Passengers at Mexico City International Airport (AICM) are facing long wait times to collect their luggage, get through immigration and board taxis at both terminals.
The newspaper Reforma published a report on the delays Thursday, saying there was chaos at the airport and that passengers have been most annoyed by long waits at barrage carousels.
Juan Luis, who flew into AICM from Miami, told Reforma he waited for almost two hours for his luggage to appear “without any explanation” as to the reason for the delay. “The security guards get annoyed if you complain,” he said.
Martha, who traveled to Mexico City from Atlanta, said she waited for over an hour for her luggage. “We believe it’s an excessive amount of time and … [the airport staff] are rude,” she said.
Passengers who flew in from San Antonio recounted similarly long waits at the baggage carousel.
Reforma reported that travelers are also facing long waits in immigration and taxi queues. Demand for taxis has recently increased as drivers for ride-hailing apps such as Uber are now prohibited from collecting passengers at AICM, although the ban has generally not been enforced.
Authorities and airlines have blamed each other for the delays passengers have faced to collect their luggage, Reforma said. An official with the Federal Civil Aviation Agency said the long wait times were perhaps the product of a lack of airline staff on the ground at the airport.
But airline sources said that AICM operates the baggage carousels and has caused delays by directing luggage from as many as four flights to the same one at the same time. One airline source directed blame at customs. “Almost everything is customs’ fault. They don’t have enough personnel or [X-ray] machines,” the source said.
Airport employees said that inspections of luggage immediately after it has been taken off a plane by navy personnel – who are responsible for security at the airport – and sniffer dogs have also contributed to delays in getting baggage into terminals.
An airport security employee told Reforma that delays at immigration have been caused by slow computers and lengthy questioning of some incoming passengers. “That causes long lines,” the employee said.
The high number of passengers that use AICM is also a factor in the long wait times people experience as they move through different parts of the airport. The federal government declared in March that both terminals had reached saturation point, and the opening of the Felipe Ángeles International Airport (AIFA) north of the capital has so far done little to alleviate the pressure.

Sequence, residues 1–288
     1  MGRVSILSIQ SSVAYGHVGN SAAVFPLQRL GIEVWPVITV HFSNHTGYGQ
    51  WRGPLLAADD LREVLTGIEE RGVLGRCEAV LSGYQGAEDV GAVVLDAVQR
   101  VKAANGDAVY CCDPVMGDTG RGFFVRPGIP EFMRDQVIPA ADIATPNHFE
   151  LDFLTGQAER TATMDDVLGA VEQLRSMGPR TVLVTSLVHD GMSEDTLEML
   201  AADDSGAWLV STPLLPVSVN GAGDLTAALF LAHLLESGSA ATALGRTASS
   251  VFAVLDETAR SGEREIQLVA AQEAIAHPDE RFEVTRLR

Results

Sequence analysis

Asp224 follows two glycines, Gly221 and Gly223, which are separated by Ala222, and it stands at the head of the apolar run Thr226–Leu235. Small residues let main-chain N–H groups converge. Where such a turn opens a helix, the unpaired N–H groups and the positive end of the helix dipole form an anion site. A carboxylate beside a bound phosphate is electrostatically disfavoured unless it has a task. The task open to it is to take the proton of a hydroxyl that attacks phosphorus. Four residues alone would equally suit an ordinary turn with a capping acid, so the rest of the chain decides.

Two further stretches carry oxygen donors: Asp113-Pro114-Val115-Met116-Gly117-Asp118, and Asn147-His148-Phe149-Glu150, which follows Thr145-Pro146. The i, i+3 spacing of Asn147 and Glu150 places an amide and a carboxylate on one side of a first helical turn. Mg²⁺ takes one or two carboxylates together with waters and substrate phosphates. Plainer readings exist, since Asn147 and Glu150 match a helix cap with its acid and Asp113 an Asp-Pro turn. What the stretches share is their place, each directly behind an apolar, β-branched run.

The heavy traffic isn’t limited to passengers in the terminal buildings: runways and the airspace surrounding the airport are also congested, leading to an increase in aborted landings, or go-arounds, this year, including two very close calls – one on May 7 and another four days later.
Asked about the airport chaos at his regular news conference on Thursday, President López Obrador claimed that the problems were exaggerated by Reforma and suggested that the focus on them is aimed at damaging his government.
“The Mexico City airport has been saturated at other times and … there wasn’t the same dissemination [of information] as now,” he said.
The president did, however, acknowledge that some passengers have faced delays. He said that changes carried out at the airport, including putting the navy in charge of security, have caused longer wait times, but defended marines’ presence at the facility, considered the most important airport in Latin America.
“There was contraband, the arrival of drugs [before the navy took charge],” López Obrador said. “… The airlines don’t help [with the delays] and [there are] other issues,” he said.
AMLO also acknowledged that too many planes are using the airport, but getting airlines to use AIFA instead is proving to be a challenge. “There is some resistance from airlines to move to the Felipe Ángeles airport,” he said.
“The Felipe Ángeles airport is a great airport. It’s already a functional airport and it will be the best airport in Mexico soon, with a lot of flights, but we’re in a process of transition. So, that’s what’s happening. And [the issue] is very politicized … [but] we’re already taking steps [to alleviate pressure at AICM] and we’re going to finish putting things in order.”
With reports from Reforma